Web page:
Having read the New York Times’ page-one piece this morning about John McCain’s alleged involvement with a young woman lobbyist during his 2000 campaign, and Bill Keller’s defense of it and The New Republic’s frothy story-behind-the-story, I can only conclude that the paper must be on very solid grounds.

I say this not because I know the inside story here — I don’t.

I say it because there is no way that a smart editor like Keller would go with a story based on two unnamed sources — former McCain aides now disaffected from him and his campaign — unless he had somehow independently satisfied himself that what they said was true.

He wouldn’t take their word for it. His reporters must have come up with corroborating support from others. The cost to him and the paper would be too great if it was wrong. He knew going in that this was going to provoke a firestorm.

The thrust of the report is simple: the two former aides say they went to John McCain and warned him that if he continued to be seen frequently with Vicki Iseman, a young, blonde lobbyist 30 years his junior, it was going to jeopardize his presidential ambitions. The Times’ story also quoted John Weaver, a close McCain confidant, as saying that he met with Ms Iseman at a café in Union Station and urged her to stay away from the Senator.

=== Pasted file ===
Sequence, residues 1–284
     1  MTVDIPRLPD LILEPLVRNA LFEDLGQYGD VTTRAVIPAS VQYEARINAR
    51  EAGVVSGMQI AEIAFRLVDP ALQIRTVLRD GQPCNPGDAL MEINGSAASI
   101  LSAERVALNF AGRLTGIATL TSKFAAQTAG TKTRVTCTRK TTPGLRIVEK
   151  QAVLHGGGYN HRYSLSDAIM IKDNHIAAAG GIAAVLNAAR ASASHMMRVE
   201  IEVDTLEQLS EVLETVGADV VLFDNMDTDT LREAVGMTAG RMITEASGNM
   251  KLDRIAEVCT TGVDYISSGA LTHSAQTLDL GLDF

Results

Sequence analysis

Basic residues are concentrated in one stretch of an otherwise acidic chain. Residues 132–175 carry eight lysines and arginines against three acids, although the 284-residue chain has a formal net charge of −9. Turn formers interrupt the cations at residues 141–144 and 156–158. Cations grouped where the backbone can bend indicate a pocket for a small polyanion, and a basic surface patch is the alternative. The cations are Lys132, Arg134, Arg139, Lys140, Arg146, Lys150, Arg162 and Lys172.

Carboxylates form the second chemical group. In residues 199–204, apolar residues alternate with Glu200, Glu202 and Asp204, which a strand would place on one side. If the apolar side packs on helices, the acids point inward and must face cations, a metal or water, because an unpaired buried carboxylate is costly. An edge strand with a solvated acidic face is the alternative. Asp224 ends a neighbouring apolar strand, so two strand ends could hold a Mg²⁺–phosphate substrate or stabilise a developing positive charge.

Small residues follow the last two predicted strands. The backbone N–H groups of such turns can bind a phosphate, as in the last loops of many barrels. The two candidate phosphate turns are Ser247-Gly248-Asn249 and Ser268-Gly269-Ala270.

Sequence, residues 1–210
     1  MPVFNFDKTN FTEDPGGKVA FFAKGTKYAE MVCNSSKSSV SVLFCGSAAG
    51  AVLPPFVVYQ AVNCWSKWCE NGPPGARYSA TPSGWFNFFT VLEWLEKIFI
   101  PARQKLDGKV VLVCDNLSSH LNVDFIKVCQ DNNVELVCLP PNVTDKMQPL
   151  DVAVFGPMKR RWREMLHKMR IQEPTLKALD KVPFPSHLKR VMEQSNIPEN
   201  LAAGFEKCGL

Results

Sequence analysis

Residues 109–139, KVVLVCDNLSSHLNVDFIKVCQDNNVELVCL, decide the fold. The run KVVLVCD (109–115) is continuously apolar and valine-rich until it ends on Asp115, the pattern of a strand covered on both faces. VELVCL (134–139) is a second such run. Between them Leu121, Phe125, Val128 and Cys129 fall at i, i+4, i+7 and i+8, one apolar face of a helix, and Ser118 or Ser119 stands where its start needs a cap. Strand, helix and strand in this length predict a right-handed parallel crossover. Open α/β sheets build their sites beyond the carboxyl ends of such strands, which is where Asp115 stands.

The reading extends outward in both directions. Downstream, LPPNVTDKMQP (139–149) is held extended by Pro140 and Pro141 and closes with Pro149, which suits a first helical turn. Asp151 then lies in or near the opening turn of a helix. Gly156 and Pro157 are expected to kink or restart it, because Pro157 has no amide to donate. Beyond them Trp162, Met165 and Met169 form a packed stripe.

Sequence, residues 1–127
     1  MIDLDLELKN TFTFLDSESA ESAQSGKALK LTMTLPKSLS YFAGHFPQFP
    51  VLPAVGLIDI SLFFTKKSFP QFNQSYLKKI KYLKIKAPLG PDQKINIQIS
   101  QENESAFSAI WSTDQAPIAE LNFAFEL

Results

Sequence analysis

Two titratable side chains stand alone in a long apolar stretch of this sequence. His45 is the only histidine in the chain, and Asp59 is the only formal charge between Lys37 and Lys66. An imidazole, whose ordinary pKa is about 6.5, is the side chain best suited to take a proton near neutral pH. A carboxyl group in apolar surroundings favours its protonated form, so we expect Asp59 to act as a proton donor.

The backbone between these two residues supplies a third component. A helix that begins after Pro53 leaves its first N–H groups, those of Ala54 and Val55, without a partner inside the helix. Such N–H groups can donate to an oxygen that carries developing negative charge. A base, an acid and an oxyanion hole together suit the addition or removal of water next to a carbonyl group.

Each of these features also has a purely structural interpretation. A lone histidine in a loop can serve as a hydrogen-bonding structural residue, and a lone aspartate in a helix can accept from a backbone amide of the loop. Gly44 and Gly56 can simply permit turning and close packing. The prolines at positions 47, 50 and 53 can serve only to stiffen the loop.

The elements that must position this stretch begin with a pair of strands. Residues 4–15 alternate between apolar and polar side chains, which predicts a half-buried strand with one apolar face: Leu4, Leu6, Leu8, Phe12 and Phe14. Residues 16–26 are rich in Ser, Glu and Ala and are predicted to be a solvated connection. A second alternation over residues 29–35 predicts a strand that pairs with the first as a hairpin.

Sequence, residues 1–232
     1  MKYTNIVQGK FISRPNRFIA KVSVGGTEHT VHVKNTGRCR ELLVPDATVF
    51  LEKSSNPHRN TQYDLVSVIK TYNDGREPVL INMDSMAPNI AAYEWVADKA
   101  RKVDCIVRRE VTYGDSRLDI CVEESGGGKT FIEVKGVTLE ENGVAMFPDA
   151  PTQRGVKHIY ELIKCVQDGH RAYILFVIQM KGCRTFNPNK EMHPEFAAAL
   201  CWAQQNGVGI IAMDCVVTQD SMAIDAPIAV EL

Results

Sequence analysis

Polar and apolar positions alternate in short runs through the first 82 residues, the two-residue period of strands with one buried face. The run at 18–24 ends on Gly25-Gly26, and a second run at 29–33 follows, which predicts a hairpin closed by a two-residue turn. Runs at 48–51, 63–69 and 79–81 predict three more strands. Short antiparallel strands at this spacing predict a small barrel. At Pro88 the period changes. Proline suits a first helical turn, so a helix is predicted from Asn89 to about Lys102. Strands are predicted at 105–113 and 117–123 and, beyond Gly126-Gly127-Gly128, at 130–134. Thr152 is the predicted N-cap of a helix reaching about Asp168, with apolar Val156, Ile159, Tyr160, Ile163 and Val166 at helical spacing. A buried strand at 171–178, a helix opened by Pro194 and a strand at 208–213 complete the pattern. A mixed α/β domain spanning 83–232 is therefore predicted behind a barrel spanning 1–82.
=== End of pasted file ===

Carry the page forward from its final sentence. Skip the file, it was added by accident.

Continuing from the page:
Today Senator McCain said that he had not been cautioned by aides about appearing with Ms Iseman, whose clients included telecommunications firms with important business before McCain’s Commerce Committee, and had never had an improper relationship with her. He also said he did not know of Mr. Weaver’s reported contacts with Ms. Iseman.

So there it sits as of this writing.

The New Republic, incidentally, has almost nothing to support its lighter-than-air account of the newsroom debates over the story at The Times prior to publication. Of course there was debate prior to running such a story. The suggestion that The Times would feel forced to run the piece because of The New Republic’s queries is silly.

That was the least of their worries

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